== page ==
Reducing Phone Use Can Help With Mental Disorders in Teenagers

Mental health disorders in teenagers have increased dramatically in the past few years in comparison with a decade ago due to various factors. Although resources for better mental well-being and help is now more easily available, they are likely to become even more common in the near future.

Secondly, the coronavirus pandemic has also contributed to the rise by further adding to the problem. Due to coronavirus-related lockdowns and restrictions, many teenagers are spending more time at home and have fewer places to socialize and share their feelings.

In addition, since the virus has overwhelmed hospitals and strained healthcare systems of all countries, it is difficult to find medical help for many especially when it comes to mental health disorders.

At the moment, hospitals in countries including the US are once again planning to delay other medical procedures and focus more on the incoming coronavirus patients as they are increasing day by day and are hard to accommodate.

According to the current predictions, the pandemic is unlikely to improve any time soon. Instead, the start of the flu season will only make it more difficult to manage the health crisis and lead to a ‘twin-demic’ in the colder months.

Also Read: New Strains May Increase COVID-19 Death Rate in the Coming Weeks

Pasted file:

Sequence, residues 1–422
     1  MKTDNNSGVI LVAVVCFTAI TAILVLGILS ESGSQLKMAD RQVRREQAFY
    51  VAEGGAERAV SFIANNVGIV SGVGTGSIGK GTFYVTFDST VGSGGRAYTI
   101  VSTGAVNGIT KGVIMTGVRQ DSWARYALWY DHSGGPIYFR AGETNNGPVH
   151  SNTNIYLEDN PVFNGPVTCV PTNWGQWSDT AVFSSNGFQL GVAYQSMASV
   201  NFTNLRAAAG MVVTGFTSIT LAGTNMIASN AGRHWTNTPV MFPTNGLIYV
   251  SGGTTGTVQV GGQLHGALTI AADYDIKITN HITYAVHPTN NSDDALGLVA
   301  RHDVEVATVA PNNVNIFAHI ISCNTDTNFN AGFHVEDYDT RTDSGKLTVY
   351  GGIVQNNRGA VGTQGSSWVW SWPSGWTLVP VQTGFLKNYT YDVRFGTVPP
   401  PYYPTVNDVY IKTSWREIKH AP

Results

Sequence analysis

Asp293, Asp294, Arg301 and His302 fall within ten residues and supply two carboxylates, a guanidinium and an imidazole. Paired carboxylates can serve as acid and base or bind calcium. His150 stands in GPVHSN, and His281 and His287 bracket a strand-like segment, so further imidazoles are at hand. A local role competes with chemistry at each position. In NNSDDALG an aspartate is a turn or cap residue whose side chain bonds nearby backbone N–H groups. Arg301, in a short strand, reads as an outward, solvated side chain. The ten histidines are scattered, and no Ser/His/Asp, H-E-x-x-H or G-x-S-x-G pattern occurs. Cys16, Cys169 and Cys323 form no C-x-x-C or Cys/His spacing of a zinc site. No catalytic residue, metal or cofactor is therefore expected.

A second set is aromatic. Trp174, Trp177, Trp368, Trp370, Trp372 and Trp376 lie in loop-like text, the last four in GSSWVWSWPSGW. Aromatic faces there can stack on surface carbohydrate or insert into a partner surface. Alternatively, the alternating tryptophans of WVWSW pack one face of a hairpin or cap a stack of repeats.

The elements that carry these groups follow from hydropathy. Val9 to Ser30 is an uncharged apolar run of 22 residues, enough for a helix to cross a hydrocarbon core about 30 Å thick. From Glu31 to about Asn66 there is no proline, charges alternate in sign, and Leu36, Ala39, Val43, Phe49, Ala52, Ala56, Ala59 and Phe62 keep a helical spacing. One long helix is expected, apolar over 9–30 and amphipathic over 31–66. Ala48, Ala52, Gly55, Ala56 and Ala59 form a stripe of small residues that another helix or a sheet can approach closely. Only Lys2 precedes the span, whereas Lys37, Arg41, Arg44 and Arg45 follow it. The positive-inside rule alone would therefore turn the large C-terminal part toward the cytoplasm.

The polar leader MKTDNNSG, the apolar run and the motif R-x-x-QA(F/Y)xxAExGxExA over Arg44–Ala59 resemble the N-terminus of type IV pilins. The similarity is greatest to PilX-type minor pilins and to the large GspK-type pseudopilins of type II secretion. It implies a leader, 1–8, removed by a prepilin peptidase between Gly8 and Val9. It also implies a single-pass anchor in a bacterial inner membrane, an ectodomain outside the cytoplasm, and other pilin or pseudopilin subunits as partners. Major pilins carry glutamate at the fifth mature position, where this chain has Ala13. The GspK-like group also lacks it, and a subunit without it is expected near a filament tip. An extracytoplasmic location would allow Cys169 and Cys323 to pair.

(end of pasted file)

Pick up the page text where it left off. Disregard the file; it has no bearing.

During this time, teenagers and children are going to experience more issues related to mental health. Many may even develop anxiety disorders or depression. So, what can be done to help the children?

A new study shows that one important step which can help adolescents and children keep mental health problems away is engaging in activities outside of homes instead of sticking to television, laptops, and mobile phones.

The researchers from the University of British Columbia found that teenagers, specifically girls, had higher levels of anxiety and displayed signs of depression more often after spending two hours or more on their phones or laptops.

On the contrary, adolescents who engaged in extra-curricular activities instead of scrolling on their phones after school was comparatively more mentally stable as well as had an optimistic approach and outlook.

The findings of the study, which appear in the journal Preventive Medicine, therefore, conclude that adolescents should spend more time in activities after school even if these apply more to girls than boys. A high amount of screen time is harmful to people regardless of gender.

Although the study was conducted prior to the current health crisis, its results are important more than ever now that mental health disorders in teenagers are rising at an even higher pace.

Not only are educational institutes closed at the moment but extra-curricular activities are also difficult to find, which may also be a factor in a higher prevalence of anxiety, depression, and other mental health problems for the past eight months.

Many people, in addition to teenagers, are spending an excessive number of hours in front of screens as a coping mechanism or simply out of boredom.

While the authors do not suggest people go out as the risk of the coronavirus is still very high, they recommend taking alternative options and staying in contact via calls, video chats, and others, all of which can help in dealing with mental issues.

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